APRIL STRONG: I am learning as I get older that it is so important to be authentic and vulnerable and open about where you are. Especially in teaching, I think, we are in this unspoken space that it’s competitive. You want to be the best teacher. You want to be the teacher that all of the parents in the neighborhood are saying, “Did you get Mrs. Strong? Oh my goodness, you’re so lucky.” And for me, in my experience, I’ve run into times where we weren’t open and sharing with one another because of this unspoken competition evaluation or getting the best parents, or getting the best class list, or just being perceived as working well.
I started being vulnerable from day one. You know, I just had so many questions because I wanted it to be the best teacher for myself and my students, and I think that it just really came naturally. I’m not afraid to look silly or feel embarrassed, because I know it could be setting the example for someone else who maybe wouldn’t do that. Coming from my childhood, I was a dancer, so maybe being in that area where growing up and going through all the things — girl or boy, as you’re growing — I’m in a leotard and tights and onstage and in front of all of these people. And I learned that it’s okay to be embarrassed. It’s okay to trip and fall. It’s okay to say the wrong things because people admire the struggle, especially if you’re willing to admit it’s a struggle. And once it gets good, they know the journey you’ve been through.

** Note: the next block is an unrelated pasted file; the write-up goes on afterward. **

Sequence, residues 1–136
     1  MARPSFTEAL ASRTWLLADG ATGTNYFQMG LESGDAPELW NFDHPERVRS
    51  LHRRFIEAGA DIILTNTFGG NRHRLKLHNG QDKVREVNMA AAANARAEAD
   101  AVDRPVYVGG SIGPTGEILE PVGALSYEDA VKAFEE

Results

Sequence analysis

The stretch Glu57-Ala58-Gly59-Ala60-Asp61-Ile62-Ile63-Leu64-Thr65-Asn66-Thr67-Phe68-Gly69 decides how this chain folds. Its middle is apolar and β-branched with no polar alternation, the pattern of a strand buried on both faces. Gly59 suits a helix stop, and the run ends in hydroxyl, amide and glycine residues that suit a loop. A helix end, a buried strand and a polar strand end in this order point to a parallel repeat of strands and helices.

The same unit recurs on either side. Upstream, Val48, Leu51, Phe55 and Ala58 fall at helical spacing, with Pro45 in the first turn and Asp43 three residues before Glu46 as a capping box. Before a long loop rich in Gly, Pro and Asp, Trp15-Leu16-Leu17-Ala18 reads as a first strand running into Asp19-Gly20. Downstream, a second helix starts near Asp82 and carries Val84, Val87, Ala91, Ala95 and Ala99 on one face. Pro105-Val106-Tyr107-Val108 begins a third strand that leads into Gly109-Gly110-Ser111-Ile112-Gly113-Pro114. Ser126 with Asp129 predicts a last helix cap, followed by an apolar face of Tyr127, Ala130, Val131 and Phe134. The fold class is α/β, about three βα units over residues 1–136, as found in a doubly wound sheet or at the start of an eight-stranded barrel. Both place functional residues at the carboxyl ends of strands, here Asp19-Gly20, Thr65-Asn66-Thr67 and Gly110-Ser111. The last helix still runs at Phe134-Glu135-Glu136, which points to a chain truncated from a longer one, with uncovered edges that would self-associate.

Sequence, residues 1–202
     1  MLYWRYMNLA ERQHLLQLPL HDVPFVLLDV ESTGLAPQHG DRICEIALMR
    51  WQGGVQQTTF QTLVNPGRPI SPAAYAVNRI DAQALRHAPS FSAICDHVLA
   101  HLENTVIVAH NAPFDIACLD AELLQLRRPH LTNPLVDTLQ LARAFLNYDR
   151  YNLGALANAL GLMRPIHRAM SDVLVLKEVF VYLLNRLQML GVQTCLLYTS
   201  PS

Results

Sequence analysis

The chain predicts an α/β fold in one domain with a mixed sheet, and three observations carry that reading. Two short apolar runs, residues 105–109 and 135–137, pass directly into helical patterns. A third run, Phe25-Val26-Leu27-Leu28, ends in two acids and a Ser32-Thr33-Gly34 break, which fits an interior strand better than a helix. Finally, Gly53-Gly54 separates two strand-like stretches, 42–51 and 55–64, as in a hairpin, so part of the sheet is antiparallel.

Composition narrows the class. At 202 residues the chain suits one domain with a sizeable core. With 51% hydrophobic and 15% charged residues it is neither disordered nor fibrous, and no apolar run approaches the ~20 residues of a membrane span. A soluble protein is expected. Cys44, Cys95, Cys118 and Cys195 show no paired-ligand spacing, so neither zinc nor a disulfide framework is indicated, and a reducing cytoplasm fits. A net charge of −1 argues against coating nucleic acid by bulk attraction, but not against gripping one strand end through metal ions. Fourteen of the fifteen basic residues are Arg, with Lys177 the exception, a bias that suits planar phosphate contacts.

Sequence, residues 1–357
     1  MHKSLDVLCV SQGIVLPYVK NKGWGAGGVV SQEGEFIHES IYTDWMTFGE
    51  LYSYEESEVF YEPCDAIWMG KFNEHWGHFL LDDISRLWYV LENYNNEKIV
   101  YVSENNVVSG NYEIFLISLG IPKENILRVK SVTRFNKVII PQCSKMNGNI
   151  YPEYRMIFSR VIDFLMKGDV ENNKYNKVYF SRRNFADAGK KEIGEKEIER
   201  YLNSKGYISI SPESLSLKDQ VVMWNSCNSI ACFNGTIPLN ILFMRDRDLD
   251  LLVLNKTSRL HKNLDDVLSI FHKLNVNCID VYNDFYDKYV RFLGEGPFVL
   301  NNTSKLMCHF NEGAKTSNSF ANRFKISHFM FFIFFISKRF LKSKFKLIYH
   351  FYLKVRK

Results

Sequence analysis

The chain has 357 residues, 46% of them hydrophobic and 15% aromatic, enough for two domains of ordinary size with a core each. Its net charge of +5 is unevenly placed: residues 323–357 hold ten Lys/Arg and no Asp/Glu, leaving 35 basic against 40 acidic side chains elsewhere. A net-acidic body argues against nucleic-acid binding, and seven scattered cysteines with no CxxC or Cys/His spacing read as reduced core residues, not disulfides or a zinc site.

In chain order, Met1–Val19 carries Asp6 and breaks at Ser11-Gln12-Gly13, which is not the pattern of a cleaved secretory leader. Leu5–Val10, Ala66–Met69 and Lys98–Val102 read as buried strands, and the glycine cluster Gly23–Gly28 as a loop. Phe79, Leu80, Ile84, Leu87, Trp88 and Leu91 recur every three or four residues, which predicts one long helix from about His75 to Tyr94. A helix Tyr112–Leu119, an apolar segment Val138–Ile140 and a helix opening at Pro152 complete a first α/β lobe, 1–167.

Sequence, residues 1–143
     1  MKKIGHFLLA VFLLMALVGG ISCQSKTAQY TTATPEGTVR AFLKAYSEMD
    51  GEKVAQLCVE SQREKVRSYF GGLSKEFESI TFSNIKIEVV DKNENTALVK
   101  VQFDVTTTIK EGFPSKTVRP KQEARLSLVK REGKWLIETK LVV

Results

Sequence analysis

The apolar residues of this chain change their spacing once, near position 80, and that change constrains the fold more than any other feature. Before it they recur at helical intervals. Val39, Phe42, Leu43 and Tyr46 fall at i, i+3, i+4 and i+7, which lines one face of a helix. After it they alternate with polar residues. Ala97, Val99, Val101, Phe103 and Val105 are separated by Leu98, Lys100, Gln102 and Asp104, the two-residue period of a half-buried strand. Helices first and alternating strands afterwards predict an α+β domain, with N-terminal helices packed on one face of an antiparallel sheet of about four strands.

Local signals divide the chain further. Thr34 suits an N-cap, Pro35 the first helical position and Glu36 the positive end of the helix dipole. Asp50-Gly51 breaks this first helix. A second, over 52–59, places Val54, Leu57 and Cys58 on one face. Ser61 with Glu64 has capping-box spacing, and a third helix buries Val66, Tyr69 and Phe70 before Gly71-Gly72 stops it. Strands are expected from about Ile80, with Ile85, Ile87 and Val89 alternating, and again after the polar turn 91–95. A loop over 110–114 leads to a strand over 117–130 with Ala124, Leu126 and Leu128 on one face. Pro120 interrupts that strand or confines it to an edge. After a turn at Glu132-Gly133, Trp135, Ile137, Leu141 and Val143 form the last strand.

There’s no pretending. It’s just always been this way. So for me, I approached vulnerability in my instructional practice in a very authentic, natural way. I try to stay away from feeling embarrassed, although that happens too. I know that it’s all growth and if I’m not going to do it, no one will hold hands and skip through it with me. So I generally don’t mind going first, saying too much, being a little too open, because it helps me grow my community and allow others to really collaborate with me on a true, real, deep level.
Well, shortly after you began doing this with this other group of teachers, you then joined the professional development department, is that right?
APRIL STRONG: It’s really what kicked me in the pants to join the professional development department, yes. The director at the time was the one who started the video instruction program where I met my peers that were trying the same instructional practice. And shortly after that, district instructional coaches were going to become part of the professional development department. For me, I always had a five year and a 10 year plan, and at that time my 10 year goal or plan in my career, not knowing what it meant, I wanted to love on and support teachers.